This week in our WiCipedia roundup: The stats on LGBTQ inclusivity at work; how to self-advocate; caste systems follow Indian workers to the US; and more.
However, that's not the full story, as those stats take a 10% decline when only LGBTQ votes are taken into account, and an even greater dive, down to 64%, when only trans and gender non-conforming votes are counted. So clearly the outsider's perspective is a bit rosier than the reality. The numbers continue to stay well above the midway point for health and family issues, though they see a decrease when LBGTQ representation in upper management is assessed, with non queer-identifying respondents (55%) once again reporting a much higher percentage than their LBGTQ counterparts (35%). Clearly, there's still work to do here, though these stats are more encouraging than we would have guessed. (See WiCipedia: How companies can align values with profits.)
Tech companies seem to be at the epicenter of this issue in the US, and – no surprise – these issues are magnified for women. There are many actions that tech companies can take to remedy this situation though, and our hope is that this new lawsuit will illuminate their need to protect all employees, regardless of where they're from. (See WiCipedia: 'Trusting One's Dopeness' & the Happiest Women in Tech.)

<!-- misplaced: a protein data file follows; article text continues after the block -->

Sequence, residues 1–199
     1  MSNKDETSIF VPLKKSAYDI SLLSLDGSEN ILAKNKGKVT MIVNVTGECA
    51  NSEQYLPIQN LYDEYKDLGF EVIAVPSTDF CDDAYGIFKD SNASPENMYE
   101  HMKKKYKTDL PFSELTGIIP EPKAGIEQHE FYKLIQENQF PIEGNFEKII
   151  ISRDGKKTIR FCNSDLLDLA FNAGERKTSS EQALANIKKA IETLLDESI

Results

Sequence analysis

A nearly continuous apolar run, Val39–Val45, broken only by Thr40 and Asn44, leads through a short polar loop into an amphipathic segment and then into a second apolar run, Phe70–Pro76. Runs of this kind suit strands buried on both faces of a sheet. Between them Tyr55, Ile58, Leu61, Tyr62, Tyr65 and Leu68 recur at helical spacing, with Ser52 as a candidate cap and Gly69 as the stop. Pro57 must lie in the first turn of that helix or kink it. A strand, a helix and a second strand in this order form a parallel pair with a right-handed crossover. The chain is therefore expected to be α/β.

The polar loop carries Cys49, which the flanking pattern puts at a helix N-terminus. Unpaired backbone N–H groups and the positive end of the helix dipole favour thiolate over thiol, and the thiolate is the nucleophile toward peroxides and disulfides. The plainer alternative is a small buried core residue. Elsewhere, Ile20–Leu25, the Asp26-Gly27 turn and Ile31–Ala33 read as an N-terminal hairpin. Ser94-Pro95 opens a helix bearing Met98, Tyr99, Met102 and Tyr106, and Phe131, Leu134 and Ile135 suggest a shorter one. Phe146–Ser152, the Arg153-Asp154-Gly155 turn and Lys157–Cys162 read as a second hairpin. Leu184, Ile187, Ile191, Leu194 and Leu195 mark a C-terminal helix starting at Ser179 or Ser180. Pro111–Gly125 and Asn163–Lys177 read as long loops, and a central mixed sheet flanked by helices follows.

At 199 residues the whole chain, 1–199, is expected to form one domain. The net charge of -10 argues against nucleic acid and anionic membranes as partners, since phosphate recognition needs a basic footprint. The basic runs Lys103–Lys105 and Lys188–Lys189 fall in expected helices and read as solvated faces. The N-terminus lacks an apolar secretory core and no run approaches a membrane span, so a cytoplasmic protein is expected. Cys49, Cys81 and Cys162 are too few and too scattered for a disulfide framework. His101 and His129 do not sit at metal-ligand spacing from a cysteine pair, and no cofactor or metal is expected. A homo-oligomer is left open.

Stephanie Acker, manager of strategy and implementation at Snapsheet, said, "The first step was realizing that advocating for yourself doesn't mean that you are arrogant or entitled. It means that you deserve to be seen and have recognition for what you've accomplished. Men are much more normalized to talking about the value and insight that they bring to the table, simply because they've been brought up to think and talk that way about their accomplishments." (See WiCipedia: Fake it till you make it – the confidence edition.)
"Girls in Tech shares with Trend Micro a unified vision for a future in which women are provided the same opportunities to pursue professions in technology as their male counterparts," said Adriana Gascoigne, founder and CEO of Girls in Tech. "We look forward to continuing our partnership with Trend Micro to positively impact the technology landscape for women today and generations to come." (See WiCipedia: Making diversity a priority in job searches.)